This is Poet Richard McGill
By Jennifer Ersalesi
At eighty-five years old, Richard McGill, lives by his personal philosophy of life, “Do well what you can, when you can, while you can!” Richard spends many days of the week taking different classes at the 55 Kip Center, including physical fitness and creative writing classes with his wife of sixteen years, Suzann. This is Rutherford spoke with Richard, a published poet, about how he continues to open doors to new ideas and experiences.
TIR: You grew up in a large family, what do you think you learned as one of thirteen children?
Richard McGill: I was number twelve out of thirteen and now I am the only one left, so I am an orphan. The one that thing stands out in my mind about growing up with a large family is that we were not as tight as people think. There was a big age range. I was an Uncle the day I was born because I had siblings that were already grown up with children of their own. We all eventually went our separate ways.
TIR: After growing up in Newark, you served in the US Army. Tell us more about this experience.
RM: From 1957-1959 I was stationed in Germany. I was part of the trucking company at the 7th Army headquarters. Our job was to evacuate everyone at the headquarters in the event of an attack. We were fortunate nothing ever happened. After that, I spent two years in the active reserves and two years in the inactive reserves.
TIR: Once you left the reserves, what happened next?
RM: Then I got married to my first wife and had two children. I worked with UPS for thirty-four years and retired twenty-one years ago. I have been married to my current wife, Suzann who is my soulmate, for sixteen years. We met through my neighbor. We were actually living on the same block and did not even realize it. My neighbor, Ginny, worked as a Teacher’s Aide at the school where Suzann worked, Sacred Heart Grammar School in Lyndhurst. Ginny introduced us to each other and we hit it off. We have been together ever since.
TIR: When did you start writing? Have you always enjoyed it?
RM: I didn’t really start writing until I was eighty years old. My wife Suzann convinced me to join the Creative Writing Class at the Kip Center. I had written two poems before I joined the class, but I had never really delved into it. I was too busy doing ballroom dancing, for the last thirty years. Just as the title of the book I just published in December 2019, “Opening Another Door at Eighty”, this class opened another door for me.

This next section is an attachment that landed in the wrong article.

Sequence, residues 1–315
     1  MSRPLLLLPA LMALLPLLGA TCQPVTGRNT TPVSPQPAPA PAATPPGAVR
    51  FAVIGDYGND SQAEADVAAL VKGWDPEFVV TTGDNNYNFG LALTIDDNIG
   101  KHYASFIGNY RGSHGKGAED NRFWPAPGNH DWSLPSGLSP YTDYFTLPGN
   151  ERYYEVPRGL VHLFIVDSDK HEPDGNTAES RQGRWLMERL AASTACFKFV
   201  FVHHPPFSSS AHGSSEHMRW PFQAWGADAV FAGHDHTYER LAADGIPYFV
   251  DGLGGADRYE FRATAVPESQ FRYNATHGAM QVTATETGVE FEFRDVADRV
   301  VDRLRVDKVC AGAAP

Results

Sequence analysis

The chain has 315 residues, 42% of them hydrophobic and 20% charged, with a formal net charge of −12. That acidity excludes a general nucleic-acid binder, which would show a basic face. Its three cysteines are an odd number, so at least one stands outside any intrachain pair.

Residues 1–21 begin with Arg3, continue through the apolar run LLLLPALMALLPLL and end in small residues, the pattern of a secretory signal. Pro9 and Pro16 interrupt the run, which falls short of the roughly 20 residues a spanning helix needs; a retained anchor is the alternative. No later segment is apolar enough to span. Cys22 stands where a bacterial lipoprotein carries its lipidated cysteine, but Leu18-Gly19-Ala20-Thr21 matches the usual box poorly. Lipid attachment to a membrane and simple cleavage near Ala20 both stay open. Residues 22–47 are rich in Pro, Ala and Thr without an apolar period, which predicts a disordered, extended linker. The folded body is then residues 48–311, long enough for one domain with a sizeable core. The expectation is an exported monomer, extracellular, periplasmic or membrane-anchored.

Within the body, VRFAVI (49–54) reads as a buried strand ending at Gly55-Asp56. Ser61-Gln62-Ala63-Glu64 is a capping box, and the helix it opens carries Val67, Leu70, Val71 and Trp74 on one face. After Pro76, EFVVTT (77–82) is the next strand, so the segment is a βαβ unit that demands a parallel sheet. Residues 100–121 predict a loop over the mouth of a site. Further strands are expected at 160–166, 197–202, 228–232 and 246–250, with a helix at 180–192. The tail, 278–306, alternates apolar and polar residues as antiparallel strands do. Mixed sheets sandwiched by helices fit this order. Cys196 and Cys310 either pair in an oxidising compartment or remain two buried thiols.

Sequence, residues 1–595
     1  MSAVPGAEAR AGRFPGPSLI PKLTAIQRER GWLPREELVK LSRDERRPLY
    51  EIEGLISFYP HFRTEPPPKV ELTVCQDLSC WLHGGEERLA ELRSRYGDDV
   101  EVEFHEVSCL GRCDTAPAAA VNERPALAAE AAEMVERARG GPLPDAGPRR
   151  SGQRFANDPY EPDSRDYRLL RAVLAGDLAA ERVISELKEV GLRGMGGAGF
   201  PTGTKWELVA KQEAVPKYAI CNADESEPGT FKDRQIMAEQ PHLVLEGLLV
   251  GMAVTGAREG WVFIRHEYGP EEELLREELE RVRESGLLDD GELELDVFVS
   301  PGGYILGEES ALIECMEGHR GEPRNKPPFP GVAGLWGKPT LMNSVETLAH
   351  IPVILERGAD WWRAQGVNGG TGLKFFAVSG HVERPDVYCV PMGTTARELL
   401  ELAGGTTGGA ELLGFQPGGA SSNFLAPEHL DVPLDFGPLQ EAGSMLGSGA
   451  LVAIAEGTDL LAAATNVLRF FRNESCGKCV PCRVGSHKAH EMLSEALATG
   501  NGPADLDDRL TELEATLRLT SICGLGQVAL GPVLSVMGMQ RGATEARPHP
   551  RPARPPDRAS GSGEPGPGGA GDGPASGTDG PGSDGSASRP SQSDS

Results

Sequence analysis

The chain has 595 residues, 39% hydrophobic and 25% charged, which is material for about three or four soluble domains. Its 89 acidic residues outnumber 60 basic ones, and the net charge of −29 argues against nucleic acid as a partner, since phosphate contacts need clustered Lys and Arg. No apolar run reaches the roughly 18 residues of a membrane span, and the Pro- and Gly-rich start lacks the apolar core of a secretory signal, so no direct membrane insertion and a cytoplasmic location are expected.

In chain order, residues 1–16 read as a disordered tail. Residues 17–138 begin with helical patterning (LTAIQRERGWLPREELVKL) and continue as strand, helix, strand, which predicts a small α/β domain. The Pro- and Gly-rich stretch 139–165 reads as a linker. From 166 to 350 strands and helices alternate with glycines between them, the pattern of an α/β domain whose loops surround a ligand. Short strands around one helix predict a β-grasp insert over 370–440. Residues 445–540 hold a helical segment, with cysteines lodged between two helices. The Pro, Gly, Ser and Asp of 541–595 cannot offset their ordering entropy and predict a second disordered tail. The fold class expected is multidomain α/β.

TIR: When did you publish your book of poetry?
RM: The book was published in December (2019). I only had forty-five copies for my friends, family, and neighbors. I dedicated the book to my wife Suzann and my Creative Writing class Moderator, Barbara Wynne. She is an excellent teacher.
TIR: Tell us about Barbara Wynne and your Creative Writing class. How has she helped you on this journey?
RM: Barbara has taught me so much. She always tells us to “write on”. I’ve been taking this class for five years. I am so thankful to the Kip Center for affording us this opportunity. There are terrific writers in the class. Some of us write poetry and some like to write short stories. We all have different interests. We do all sorts of creative writing in our creative writing class. Recently, we used story starters to begin a story, passed them around the table and everyone added to the story. It is interesting to see how the stories turn out when we do this. We’ve written stories about other people, haikus, seasonal stories, and stories with story cubes.
TIR: There is one particular poem in your book, Opening Another Door at Eighty, called “The Lunch Bunch” which is especially important to you. Why is this poem so significant to you?
RM: The poem is about all of the wonderful people I have met at the Kip Center and our lives. It tells about our friendship and our lunches together. The last stanza of the poem explains how we help one another: If you’re looking for direction from our love and affection, Join forces with friends of your own and ensure that you’re never alone.”
TIR: Your poetry focuses on universal topics such as love, friendship, and nature. Do others feel like they can relate to your poetry?
RM: It seems like others can relate and I have gotten some really good feedback. Both my son and daughter are supportive of my writing as well.
TIR: Why is writing so important to you?
RM: It is all about turning another page of my life...another reason for living. The Kip Center opens up many opportunities for us. It is a pleasure to come here (Kip Center). There are so many ways for us to expand our minds here.
TIR: Tell us more about the 55 Kip Center.
RM: I have been coming to the Kip Center for classes and activities for the last twenty years. I have been so encouraged by so many wonderful people here, like Charlene Mariano (retired Assistant Director), Peggy Letsche (retired Director), and Karen Tucker (retired Founder and Director). Peggy was my first aerobics instructor here and Jeanette Large has been the aerobics instructor for the last eighteen years. Jeanette has so much energy and enthusiasm. I even wrote a poem about her (smiles).
TIR: Besides writing poetry, what are some of your other hobbies?
RM: I have always enjoyed ballroom dancing. My wife Suzann and I like eating out and traveling. This past year we went to Paris. We also enjoy the bus rides that the Kip Center organizes to Wildwood, the casinos, etc. and try to do at least one trip per month. I only gamble the amount that I think a room at the hotel is worth (laughs). I enjoy doing crossword puzzles, reading the newspaper, and watching movies...anything that keeps me off the streets (laughs).